Intel is expanding its future processors with two new exploit detection systems.
The new technology has been under development for at least four years, according to the chip giant's recently updated specification document, which includes a release date for version 1.0 in June 2016.
The PR machine from Intel has been making waves over the system, CET for short, and the control flow enforcement technology in full.
… And now you can officially watch it. (Warning: the specification document is 358 pages.)
As far as we can see, the first Intel processors to incorporate these new protective functions are the not yet fully developed CPUs known by the nickname "Tiger Lake". So if you are a programmer, you really can't do it. Start tinkering with the CET functions.
Nevertheless, CET reminds us all that computer security is a cat and mouse game in which a round of security enhancements causes cybercriminals to change their behavior, which in turn leads to a new wave of countermeasures, and so on.
Broadly speaking – very loosely as we summarize a 358-page document – CET aims to make exploits more difficult for remote code execution than now by keeping programs' behavior under control.
Specifically, CET aims to keep an eye on how programs behave badly, to make it easier to tell when a program has crashed, and to prevent crooks from finding sneaky ways to crash faulty programs bring and still be in control of them.
Take advantage of memory errors
Errors in the use of memory are one of the main causes of software errors that lead to security vulnerabilities, which are known in the trade as security vulnerabilities.
For example, if I ask the operating system to save 64 bytes of temporary storage, for example to generate and store a cryptographic key, and then accidentally store 128 bytes of random data in it, I'll trample on everything that is next in the Memory is coming.
A block of memory that is reserved for your own use is colloquially called a buffer. Writing outside of your own buffer and into another buffer is therefore called buffer overflow.
Another way data is often trodden-footed is after free access, where I accidentally store data in a block of memory that I have already told the operating system that I no longer need, and therefore may has already been used elsewhere.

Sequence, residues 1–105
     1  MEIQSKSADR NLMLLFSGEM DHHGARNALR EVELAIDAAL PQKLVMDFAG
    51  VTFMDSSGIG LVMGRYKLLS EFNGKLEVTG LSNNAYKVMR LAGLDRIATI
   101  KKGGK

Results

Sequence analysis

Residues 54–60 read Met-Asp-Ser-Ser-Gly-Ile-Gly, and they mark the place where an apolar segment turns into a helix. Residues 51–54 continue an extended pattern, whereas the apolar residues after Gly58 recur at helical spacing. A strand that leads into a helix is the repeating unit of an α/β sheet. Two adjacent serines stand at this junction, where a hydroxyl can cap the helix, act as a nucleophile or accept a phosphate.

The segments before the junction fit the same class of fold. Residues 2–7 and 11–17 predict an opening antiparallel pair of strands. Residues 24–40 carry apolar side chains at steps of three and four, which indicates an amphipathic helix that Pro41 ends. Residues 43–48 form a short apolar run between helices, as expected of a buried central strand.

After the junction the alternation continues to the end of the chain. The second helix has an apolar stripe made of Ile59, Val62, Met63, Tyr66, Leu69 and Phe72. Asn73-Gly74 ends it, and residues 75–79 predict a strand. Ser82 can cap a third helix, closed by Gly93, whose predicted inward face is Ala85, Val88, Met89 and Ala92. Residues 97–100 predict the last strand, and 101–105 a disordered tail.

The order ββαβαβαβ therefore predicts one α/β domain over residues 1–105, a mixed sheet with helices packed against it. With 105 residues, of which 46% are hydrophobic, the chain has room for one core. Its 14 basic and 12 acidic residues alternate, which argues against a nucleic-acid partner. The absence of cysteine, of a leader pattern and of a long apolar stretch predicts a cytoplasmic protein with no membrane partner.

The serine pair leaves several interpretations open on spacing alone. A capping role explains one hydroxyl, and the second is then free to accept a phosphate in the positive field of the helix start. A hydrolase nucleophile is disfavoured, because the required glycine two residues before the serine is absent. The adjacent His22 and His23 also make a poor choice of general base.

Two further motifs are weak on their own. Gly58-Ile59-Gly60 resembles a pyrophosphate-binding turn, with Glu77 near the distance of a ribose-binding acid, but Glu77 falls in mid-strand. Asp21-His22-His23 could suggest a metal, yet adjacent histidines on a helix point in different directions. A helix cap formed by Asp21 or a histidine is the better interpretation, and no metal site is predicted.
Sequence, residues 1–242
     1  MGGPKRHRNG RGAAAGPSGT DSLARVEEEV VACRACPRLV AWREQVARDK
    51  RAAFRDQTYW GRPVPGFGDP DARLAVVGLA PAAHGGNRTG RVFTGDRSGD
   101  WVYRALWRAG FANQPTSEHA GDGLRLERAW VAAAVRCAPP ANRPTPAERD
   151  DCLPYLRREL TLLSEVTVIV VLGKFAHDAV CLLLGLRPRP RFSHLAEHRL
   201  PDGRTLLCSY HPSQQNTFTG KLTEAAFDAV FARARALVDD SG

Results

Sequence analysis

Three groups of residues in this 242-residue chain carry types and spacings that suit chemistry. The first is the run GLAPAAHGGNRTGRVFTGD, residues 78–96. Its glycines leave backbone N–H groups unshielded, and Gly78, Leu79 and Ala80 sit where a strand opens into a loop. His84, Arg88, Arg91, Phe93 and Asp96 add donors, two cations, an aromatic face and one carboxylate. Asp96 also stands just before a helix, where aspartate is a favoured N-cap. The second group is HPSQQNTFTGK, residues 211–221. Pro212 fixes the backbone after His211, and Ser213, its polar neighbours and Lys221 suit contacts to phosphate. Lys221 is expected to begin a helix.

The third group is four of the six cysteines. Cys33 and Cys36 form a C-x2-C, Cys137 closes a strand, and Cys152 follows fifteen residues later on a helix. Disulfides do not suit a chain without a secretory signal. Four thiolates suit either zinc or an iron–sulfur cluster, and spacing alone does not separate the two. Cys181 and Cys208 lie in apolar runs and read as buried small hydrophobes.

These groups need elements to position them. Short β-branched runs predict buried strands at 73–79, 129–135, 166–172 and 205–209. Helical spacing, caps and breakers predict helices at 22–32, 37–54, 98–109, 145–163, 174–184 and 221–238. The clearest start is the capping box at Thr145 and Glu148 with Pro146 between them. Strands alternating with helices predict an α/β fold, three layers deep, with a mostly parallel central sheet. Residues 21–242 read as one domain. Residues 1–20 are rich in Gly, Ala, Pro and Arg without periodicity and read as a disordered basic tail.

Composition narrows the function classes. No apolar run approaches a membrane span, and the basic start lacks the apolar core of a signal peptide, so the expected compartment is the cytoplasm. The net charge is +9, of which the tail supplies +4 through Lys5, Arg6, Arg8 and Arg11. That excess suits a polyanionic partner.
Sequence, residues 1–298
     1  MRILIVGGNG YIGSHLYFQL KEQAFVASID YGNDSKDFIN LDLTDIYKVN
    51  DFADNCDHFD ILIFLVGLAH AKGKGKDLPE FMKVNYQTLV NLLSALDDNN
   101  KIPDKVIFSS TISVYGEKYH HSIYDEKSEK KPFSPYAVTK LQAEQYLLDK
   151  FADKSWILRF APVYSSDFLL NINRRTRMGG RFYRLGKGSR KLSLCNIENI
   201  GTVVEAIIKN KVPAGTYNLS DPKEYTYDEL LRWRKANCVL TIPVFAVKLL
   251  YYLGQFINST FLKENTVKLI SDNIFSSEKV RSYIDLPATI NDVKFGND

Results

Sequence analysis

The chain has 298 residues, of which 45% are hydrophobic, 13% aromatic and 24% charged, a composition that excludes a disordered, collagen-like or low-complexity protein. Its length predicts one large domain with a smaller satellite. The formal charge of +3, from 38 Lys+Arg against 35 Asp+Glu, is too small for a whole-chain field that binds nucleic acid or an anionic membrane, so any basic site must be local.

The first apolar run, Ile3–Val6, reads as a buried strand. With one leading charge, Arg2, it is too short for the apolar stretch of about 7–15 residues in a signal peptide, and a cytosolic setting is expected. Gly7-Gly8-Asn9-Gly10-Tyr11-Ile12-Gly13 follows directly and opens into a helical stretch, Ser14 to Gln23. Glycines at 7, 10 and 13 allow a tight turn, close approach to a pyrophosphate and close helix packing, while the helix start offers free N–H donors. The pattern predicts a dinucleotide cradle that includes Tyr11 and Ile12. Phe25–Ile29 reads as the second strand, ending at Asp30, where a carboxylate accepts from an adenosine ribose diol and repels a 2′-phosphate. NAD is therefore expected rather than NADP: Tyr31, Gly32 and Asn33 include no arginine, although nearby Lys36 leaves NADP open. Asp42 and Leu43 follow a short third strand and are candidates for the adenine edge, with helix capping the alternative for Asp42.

Even if I carefully write my limit of 64 bytes and avoid a buffer overflow error, I still write where I shouldn't.
Even if a use-after-free error is not technically called an overflow, you can think of it that way, because I write 64 bytes in a buffer into which I am not supposed to write any bytes at the moment.
Memory security errors, as they are commonly referred to, pose an obvious cyber security risk, as they mean that an attacker might be able to skillfully manipulate data that another part of the program believes to be trusted and that they will later rely on.
The risk of such a memory error naturally depends on what was trodden on.
If the overwritten memory bytes contained an error message that is only printed in extremely unusual circumstances, the error may go unnoticed for years, and even if it does occur, the only bad side effect is that causing an error to go unreported (or unintelligible) ).
However, if the treaded memory contains data that the software later relies on to control the execution flow in the program, an attacker might be able to find a way to misuse this error to implant malware.
Defense against memory errors
There are two ways that memory overwrite errors can be exploited to redirect execution.
One relies on modifying the so-called stack, a block of memory that the CPU uses (among other things) to track subroutine calls in the software.
When you call a program subroutine, e.g. For example, getch (), which reads the next input character, usually from the keyboard, the processor keeps track of where you called it from, so that the subroutine can simply execute a RETurn instruction to return there to the next instruction it was before after the CALL.
So, if you can play around with the stack, you can often play around with the next RET instruction so that the program does not return to where it came from, but breaks into an unauthorized area of your choice.
Another type of error is to change the location used by a JMP or CALL command to tell it where to go next. Instead of rerouting a program when it returns from a subroutine, reroute it when it tries to call one or jump to one.
There are already various protective measures against this type of trick, in particular DEP and ASLR.
DEP stands for Data Execution Prevention and assumes that when a RETurn address or a CALL or JMP target is changed, attackers must redirect execution to a piece of code called shell code that they themselves provided, usually as part from the data that you sent in the first place to the faulty program.